The signal peptide and N-terminal highly variable region are not required to have fully active GTF (1, 10). We therefore engineered modified gtfI genes encoding only the conserved core region (GTF-Ic) or the conserved core region with either full-length (GTF-I1) or truncated C-terminal domains (GTF-I2, GTF-I3, and GTF-I4) by subcloning PCR-amplified gtfI fragments using VENT polymerase (Biolabs Inc.) and primers designed upon the gtfI sequence (3) containing engineered restriction sites into pTrcHisA (Invitrogen). The resulting plasmids expressed fusion proteins containing an additional stretch of six histidine residues at the N terminus (Fig. (Fig.1).1). Overproduction of these GTF-I variants was achieved by culturing E. coli XL1-Blue in Luria broth. After induction with isopropyl-β-d-thiogalactopyranoside, protein extracts were obtained by sonication (Fig. (Fig.2A).2A). Activity assays carried out using the dinitrosalicylic acid method specific for reducing sugars (9) showed very little difference between GTF-I4 and GTF-I3. Therefore, GTF-I4 was chosen for further study, as were GTF-I1, GTF-I2, and GTF-Ic.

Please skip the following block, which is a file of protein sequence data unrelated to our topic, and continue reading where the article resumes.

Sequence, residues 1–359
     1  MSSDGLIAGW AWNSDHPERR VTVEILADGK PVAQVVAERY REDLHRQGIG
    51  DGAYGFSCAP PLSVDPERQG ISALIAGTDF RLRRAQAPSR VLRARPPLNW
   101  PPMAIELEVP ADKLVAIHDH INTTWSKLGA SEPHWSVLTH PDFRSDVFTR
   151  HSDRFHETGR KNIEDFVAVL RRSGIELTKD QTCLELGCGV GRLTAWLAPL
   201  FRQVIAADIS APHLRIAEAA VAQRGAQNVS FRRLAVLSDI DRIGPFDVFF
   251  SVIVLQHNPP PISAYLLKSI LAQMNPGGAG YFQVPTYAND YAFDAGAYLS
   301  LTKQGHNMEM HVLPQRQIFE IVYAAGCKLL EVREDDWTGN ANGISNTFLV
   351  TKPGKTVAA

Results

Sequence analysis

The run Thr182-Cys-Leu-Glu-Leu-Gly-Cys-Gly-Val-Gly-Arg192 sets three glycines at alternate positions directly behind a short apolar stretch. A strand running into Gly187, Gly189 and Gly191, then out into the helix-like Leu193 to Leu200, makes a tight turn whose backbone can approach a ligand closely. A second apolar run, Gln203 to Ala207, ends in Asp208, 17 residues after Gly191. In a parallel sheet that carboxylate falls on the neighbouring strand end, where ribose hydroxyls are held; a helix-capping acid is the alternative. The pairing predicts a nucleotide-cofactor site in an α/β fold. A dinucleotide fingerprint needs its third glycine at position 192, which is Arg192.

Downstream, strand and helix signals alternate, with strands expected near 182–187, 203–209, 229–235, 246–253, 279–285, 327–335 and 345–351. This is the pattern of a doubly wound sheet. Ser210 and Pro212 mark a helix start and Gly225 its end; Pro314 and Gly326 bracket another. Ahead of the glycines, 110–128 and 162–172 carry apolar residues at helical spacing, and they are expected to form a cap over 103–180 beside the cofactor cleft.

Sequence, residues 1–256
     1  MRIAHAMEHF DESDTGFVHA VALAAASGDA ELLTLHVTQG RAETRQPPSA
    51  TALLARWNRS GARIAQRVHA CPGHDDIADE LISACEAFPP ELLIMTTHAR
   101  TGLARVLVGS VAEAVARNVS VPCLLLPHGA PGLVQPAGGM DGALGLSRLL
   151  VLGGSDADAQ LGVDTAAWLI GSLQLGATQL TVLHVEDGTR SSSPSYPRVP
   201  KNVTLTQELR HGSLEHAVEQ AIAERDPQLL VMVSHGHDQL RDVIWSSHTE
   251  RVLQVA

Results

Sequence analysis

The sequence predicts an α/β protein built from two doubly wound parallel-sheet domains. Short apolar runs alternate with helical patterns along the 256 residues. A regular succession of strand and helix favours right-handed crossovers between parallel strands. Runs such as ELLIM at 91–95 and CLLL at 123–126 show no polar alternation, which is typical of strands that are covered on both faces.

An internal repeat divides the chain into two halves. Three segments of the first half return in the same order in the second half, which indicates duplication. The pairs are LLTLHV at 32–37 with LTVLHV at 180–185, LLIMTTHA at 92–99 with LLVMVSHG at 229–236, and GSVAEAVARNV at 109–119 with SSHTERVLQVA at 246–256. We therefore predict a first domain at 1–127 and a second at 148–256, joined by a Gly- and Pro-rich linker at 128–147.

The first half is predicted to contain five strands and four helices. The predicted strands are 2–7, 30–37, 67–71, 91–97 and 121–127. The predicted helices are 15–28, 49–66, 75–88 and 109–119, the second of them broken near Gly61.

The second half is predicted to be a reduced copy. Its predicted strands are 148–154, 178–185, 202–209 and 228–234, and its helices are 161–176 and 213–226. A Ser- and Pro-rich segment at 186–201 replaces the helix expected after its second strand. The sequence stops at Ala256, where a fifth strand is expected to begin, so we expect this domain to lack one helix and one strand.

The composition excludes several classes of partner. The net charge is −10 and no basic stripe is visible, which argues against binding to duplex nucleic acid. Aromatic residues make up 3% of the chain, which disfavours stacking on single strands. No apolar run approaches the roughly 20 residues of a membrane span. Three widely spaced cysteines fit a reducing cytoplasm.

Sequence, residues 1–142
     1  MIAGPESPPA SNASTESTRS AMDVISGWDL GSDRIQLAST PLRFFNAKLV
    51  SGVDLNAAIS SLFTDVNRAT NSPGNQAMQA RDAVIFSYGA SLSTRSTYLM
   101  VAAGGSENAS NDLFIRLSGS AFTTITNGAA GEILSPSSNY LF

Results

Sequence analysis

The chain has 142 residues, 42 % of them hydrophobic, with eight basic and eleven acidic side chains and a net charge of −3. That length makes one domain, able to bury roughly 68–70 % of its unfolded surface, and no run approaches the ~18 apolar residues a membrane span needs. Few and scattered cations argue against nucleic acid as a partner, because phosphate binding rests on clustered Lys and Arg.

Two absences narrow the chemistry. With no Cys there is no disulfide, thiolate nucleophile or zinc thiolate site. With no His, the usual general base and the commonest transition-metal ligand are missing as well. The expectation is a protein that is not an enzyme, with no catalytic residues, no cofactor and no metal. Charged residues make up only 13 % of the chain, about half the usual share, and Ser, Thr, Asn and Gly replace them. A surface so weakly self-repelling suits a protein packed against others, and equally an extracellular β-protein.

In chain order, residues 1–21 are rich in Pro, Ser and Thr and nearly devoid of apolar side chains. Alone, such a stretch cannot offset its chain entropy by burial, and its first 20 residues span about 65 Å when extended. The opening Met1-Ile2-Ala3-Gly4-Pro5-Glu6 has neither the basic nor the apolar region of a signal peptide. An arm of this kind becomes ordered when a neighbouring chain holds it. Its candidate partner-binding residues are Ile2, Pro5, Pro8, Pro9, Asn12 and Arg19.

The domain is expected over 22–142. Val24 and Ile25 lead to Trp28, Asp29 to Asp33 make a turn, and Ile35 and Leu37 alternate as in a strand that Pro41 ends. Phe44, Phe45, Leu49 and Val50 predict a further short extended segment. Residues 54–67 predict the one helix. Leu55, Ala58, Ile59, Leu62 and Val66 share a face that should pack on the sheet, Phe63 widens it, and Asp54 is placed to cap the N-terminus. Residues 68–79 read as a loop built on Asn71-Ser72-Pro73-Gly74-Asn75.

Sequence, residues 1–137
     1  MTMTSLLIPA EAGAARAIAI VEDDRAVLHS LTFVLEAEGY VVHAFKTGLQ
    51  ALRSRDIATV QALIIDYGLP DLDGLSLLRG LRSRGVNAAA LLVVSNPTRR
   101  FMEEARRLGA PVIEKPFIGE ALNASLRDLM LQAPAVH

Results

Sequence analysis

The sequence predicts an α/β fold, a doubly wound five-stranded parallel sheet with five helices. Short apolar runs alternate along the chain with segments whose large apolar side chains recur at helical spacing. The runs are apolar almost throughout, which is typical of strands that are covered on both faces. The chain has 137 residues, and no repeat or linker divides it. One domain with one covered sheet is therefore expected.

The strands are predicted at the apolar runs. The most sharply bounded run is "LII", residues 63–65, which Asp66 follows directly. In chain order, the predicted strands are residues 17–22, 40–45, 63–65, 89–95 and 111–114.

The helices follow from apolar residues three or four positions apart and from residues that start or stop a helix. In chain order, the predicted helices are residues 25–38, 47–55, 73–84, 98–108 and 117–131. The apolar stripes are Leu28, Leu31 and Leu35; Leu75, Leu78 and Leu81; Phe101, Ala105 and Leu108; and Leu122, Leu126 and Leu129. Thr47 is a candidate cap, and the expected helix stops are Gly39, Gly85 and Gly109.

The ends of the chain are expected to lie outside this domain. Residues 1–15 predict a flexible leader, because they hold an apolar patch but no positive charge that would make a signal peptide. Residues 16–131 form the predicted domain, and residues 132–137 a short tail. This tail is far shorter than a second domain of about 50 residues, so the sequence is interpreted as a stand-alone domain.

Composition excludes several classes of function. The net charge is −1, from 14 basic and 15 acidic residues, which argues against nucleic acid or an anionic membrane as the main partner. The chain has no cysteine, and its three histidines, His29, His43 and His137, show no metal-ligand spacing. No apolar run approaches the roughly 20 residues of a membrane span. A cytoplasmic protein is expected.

Previous processes for purification of GTFs were based upon their glucan binding ability and necessitated the use of denaturing agents or the addition of dextran for elution (2, 6, 15). His-tagged GTF-I variants were purified under native conditions using Ni-nitrilotriacetic acid agarose resin (Qiagen). Binding was realized with sodium phosphate buffer (pH 7.8) (500 mM NaCl in the presence of 5 mM imidazole) followed by washing with sodium phosphate buffer (pH 6.0) (500 mM NaCl in the presence of 20 mM imidazole). Elution was performed with 200 mM imidazole. Proteins present in the elution peak were dialyzed overnight at 4°C against 50 mM Tris-HCl buffer (pH 7.5). Overall, 200-ml cultures yielded about 4 mg of protein purified to a high degree of purity (Fig. (Fig.22B).